Our client’s house sits in a large plot with extensive grounds in a recognised Area of Outstanding Natural Beauty. The house is largely shielded from view by extensive woodland.
The house had been extended in the past and our client wanted a relatively simple two-storey rear extension that fitted between two existing wings and would barely be noticeable to anyone outside of the site.
The Council has a planning policy that gives guidance as to the maximum amount that a dwelling should be extended by in certain circumstances. In this case the Council took a fairly intransigent attitude regarding this number and failed to acknowledge the lack of harm that would arise from the proposal. The issue was the subject of appeal to the Secretary of State and to quote submitted appeal statement:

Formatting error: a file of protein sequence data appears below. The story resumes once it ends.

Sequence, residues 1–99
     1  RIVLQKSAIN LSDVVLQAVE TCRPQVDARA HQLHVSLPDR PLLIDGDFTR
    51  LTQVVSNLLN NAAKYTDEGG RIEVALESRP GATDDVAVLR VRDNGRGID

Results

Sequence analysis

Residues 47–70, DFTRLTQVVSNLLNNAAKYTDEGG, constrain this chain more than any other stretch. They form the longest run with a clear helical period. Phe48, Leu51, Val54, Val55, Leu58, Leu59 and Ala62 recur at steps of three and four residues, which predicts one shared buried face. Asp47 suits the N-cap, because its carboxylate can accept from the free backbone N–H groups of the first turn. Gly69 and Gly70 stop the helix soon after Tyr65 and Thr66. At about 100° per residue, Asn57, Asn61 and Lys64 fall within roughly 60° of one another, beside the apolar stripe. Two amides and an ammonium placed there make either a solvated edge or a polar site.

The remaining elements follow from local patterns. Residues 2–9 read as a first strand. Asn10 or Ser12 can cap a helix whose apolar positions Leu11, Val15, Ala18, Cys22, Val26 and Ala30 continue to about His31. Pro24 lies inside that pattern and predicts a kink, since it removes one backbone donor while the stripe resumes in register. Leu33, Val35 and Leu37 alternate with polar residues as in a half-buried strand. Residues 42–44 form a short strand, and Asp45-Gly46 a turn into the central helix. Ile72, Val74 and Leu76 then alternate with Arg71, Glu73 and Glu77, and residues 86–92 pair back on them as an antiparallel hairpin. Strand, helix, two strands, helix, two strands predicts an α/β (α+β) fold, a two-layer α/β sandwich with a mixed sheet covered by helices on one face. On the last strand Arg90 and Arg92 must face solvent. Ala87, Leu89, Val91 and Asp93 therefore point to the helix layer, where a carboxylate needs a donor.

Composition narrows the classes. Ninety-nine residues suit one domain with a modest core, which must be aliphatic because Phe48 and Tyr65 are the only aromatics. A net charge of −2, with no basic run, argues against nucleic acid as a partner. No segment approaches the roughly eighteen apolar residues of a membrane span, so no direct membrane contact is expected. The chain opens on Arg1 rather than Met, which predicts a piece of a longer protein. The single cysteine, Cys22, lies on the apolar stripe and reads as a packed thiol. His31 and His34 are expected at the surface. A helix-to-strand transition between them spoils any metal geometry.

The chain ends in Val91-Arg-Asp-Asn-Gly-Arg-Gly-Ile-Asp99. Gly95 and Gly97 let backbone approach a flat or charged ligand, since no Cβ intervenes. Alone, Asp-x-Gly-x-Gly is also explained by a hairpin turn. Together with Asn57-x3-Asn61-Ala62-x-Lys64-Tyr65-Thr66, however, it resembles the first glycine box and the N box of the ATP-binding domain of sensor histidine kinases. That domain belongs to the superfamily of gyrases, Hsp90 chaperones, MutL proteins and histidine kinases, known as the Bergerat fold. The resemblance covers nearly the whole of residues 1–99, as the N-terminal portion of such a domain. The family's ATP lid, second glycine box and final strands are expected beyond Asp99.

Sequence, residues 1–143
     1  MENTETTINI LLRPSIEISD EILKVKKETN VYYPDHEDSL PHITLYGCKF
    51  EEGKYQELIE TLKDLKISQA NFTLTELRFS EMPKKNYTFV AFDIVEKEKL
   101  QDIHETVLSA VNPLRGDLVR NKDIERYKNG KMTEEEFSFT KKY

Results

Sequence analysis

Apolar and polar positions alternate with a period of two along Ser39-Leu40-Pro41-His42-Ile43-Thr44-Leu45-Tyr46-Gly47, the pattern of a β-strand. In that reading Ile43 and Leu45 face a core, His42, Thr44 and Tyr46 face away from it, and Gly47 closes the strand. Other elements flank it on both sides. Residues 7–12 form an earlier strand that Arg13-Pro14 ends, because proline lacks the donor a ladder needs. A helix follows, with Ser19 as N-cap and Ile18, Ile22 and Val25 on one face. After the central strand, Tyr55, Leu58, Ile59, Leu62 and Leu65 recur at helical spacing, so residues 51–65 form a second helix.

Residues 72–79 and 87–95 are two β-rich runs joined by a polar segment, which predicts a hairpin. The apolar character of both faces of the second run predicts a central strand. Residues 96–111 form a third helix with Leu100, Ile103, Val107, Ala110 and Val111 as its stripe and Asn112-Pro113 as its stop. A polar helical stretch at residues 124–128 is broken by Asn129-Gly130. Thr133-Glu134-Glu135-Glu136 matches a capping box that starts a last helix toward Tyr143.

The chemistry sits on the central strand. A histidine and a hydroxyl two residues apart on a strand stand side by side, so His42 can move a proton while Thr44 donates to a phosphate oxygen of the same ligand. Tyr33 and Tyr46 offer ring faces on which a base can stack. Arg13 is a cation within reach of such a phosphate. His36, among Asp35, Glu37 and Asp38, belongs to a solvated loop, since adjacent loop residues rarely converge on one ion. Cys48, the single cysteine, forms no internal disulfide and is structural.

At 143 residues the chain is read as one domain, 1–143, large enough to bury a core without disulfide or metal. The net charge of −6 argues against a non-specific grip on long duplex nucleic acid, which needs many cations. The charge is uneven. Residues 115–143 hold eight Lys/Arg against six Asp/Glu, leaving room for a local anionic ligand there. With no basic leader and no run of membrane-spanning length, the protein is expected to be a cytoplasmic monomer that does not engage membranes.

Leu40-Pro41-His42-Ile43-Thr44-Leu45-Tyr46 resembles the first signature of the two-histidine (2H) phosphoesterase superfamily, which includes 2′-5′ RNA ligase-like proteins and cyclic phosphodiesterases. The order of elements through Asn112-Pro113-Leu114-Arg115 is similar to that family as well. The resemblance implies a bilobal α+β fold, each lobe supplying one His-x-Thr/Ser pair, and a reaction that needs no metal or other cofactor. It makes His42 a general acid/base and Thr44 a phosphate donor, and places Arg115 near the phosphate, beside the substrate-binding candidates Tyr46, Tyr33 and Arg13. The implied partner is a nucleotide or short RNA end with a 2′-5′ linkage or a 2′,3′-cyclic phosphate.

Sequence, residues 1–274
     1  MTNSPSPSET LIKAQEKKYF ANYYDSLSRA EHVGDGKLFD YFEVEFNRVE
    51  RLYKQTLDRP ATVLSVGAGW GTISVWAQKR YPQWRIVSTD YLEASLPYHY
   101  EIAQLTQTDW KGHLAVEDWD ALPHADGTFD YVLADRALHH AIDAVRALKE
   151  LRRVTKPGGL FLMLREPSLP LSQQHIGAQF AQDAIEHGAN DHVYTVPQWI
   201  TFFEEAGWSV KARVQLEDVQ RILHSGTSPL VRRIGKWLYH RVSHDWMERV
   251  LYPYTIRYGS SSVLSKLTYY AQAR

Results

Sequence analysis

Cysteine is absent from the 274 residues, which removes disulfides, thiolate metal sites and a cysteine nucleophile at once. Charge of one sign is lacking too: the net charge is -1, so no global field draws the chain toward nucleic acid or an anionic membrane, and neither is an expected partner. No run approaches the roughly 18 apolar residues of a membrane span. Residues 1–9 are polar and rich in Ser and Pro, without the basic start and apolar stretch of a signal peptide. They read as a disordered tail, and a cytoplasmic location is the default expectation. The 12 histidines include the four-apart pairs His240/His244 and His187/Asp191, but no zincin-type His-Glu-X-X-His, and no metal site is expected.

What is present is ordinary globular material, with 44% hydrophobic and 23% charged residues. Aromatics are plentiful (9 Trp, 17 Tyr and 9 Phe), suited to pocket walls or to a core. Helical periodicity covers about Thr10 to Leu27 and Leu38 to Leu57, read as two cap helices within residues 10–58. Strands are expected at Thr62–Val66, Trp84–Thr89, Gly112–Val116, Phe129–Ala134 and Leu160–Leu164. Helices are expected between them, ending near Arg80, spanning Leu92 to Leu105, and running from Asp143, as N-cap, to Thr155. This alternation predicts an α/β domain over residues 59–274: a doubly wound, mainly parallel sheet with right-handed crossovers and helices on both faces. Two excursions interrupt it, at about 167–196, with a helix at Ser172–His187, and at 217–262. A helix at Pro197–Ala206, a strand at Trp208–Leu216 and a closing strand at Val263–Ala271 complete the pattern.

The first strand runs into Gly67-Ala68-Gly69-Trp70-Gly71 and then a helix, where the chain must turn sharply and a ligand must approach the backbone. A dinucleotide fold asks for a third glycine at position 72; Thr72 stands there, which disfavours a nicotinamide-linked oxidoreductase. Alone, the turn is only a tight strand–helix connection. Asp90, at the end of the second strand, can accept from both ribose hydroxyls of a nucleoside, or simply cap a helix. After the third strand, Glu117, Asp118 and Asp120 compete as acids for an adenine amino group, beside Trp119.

"Unfortunately it would appear in this instance that a set of “rules” is exactly what has led the Officer to determine the acceptability or not of the proposal, with considerable effort being made to discuss numbers and percentages and little being put into prescribing impact and harm which can only lead to the assumption that there was no harm to prescribe."
To compound the argument JCE undertook research dating back over 60 years and were able to demonstrate that the figures the Council had relied on were wrong. A complex set of 3-D images were produced to illustrate our findings.
Working closely with a Planning Barrister we were able to demonstrate that the Council had also given far too much weight to out of date policies and even elevated un-adopted policies above their legal status.
We were delighted when the Appeal Inspector agreed with every point we had made and granted planning permission commenting that the design of the proposed extension would actually result in an improvement to the house.